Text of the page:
Can you imagine how hot you would feel when a heatwave comes if you lived in a tin-sheet house? It would be like living in a steam oven. Heatwaves are roasting the world, smashing records with unrelenting severity. A CUHK research team has developed a high-performance radiative cooling paint based on recycled glass, a forgotten resource in our communities. It can potentially provide buildings with supplemental cooling without consuming energy.
One of the most innovative universities in the city and the region, CUHK is committed to producing impactful research and propelling innovation in Hong Kong and beyond. Recently, CUHK students and scholars have excelled in several national and international competitions, while the CUHK Hong Kong-Shenzhen Innovation and Technology Research Institute (Futian) (FITRI) has recently been unveiled to foster cross-border I&T collaboration.
Venom may be one of Spider-Man’s greatest nemeses, but the alien symbiote who can stretch and deform itself has inspired scientists to create soft robots that could transform numerous aspects of medical care, from targeted drug delivery to minimally invasive surgery. Professor Zhang Li from CUHK decided to channel Venom’s superpowers into building soft robots based on ferrofluids and a new silicone elastomer, which can be deformed in ever more complex ways, making them capable of a growing range of functions within the human body.
What can you do with tape? Seal your package or to bind an injury? The uses of tape go much further than that in the hands of a CUHK Engineering professor who has devoted himself to medical robotics. By simply tattooing magnetised patterns onto tapes and using a magnetic field, a highly versatile “origami” soft robot is miraculously brought into being that can morph into a variety of 3D shapes - and behold, they have a future in medical and industrial applications.
In a flower garden, we have army of honeybees that swarm to defend enemies; in a tortuous human lumen, we have army of microrobots that swarm to carry drugs that attack maladies. CUHK engineering professors have devised an avant-garde AI system that lets these microrobots navigate like bees and change shape inside complex environments like human bodies.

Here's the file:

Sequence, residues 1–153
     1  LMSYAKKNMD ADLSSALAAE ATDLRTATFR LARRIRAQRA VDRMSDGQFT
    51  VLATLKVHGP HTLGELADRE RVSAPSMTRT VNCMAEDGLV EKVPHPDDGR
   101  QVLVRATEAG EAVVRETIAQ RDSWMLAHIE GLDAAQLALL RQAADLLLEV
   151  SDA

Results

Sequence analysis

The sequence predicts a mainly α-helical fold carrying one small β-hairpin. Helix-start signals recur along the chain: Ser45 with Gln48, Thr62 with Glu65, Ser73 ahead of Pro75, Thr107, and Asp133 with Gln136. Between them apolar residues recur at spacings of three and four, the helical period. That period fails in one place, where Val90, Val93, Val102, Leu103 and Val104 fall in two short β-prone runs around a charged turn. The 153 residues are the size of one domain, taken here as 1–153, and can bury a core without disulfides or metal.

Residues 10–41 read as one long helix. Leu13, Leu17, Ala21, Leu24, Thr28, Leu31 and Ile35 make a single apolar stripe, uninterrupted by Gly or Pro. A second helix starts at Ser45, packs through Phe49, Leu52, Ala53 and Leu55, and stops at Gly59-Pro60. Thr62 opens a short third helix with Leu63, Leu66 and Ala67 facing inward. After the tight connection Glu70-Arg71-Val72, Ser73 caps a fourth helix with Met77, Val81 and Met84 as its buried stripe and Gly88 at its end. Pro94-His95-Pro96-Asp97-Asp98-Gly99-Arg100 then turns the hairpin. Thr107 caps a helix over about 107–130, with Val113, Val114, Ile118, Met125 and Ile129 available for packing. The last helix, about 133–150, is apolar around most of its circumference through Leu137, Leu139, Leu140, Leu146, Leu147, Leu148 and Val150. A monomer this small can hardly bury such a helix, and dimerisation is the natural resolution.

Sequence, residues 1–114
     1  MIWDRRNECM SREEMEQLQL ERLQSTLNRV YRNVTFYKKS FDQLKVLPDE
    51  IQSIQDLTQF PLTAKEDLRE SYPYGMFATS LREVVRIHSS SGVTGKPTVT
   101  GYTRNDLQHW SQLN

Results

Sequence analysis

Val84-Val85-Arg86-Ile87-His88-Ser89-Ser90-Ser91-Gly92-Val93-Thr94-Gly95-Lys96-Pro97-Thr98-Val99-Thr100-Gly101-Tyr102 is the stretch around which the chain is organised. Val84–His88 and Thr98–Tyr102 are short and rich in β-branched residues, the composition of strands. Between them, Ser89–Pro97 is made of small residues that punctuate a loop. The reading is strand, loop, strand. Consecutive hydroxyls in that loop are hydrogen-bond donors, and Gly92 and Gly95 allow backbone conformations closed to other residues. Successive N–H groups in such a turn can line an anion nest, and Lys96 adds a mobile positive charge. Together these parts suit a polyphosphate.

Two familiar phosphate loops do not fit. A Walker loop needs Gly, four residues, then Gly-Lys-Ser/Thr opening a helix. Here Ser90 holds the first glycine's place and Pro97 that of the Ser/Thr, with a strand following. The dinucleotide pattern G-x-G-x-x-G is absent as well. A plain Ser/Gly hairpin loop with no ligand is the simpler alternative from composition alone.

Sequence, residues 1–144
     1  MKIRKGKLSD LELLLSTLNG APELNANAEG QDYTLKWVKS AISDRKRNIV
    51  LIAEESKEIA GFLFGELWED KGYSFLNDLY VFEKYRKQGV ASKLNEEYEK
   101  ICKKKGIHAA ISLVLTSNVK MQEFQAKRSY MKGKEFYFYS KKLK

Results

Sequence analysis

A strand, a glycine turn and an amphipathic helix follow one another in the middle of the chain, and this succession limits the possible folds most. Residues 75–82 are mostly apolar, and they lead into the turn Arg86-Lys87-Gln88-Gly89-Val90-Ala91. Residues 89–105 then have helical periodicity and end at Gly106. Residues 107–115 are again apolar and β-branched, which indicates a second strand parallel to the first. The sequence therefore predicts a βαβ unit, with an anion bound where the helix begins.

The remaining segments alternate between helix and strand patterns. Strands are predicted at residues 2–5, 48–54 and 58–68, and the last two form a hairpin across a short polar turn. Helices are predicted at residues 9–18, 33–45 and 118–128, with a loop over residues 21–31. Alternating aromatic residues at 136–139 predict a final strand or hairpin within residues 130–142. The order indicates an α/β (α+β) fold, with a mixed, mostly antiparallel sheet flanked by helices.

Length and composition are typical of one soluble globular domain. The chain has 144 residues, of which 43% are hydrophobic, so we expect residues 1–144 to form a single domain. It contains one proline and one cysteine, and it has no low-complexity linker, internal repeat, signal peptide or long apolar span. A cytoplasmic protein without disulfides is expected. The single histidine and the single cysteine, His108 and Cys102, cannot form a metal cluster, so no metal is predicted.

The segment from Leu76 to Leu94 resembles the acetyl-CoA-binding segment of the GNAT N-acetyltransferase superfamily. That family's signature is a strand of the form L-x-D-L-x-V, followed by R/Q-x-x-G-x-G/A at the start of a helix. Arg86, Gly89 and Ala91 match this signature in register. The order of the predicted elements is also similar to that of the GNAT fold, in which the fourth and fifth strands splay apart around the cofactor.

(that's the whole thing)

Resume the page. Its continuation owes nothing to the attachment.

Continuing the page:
Life in an extremely cold region without electricity for heating and lighting can be a miserable experience, especially as existing battery technologies cannot retain a reliable power supply in such cold weather. When winter storms sweep across cities, the power crisis they cause can leave millions of people without electricity. CUHK researchers are trying to fix that with a new technology that promises to bring stability to electrical storage, even at very low temperatures.
Professor Mei-Po KWAN from CUHK’s Department of Geography and Resource Management has been awarded the James R. Anderson Medal of Honor in Applied Geography, the highest honour in the field, for her multidisciplinary contributions to applied geography; while Professor YU Jun from the Faculty of Medicine has been awarded the Guanghua Engineering Science and Technology Award by the Chinese Academy of Engineering in recognition of her distinguished achievements in gastrointestinal cancer studies.
loT is the key to building a smart city, in which sensors act as eyes and ears of the system to collect and convert physical variables into electronic signals for analysis. A self-powered wireless sensing e-sticker, thin as two human hairs, developed by CUHK, converts the power of a finger touch into electromagnetic wave signals to advance the smart sensing technology. Another discovery is a TENG with high power output to better harvest mechanical and biomechanical motion.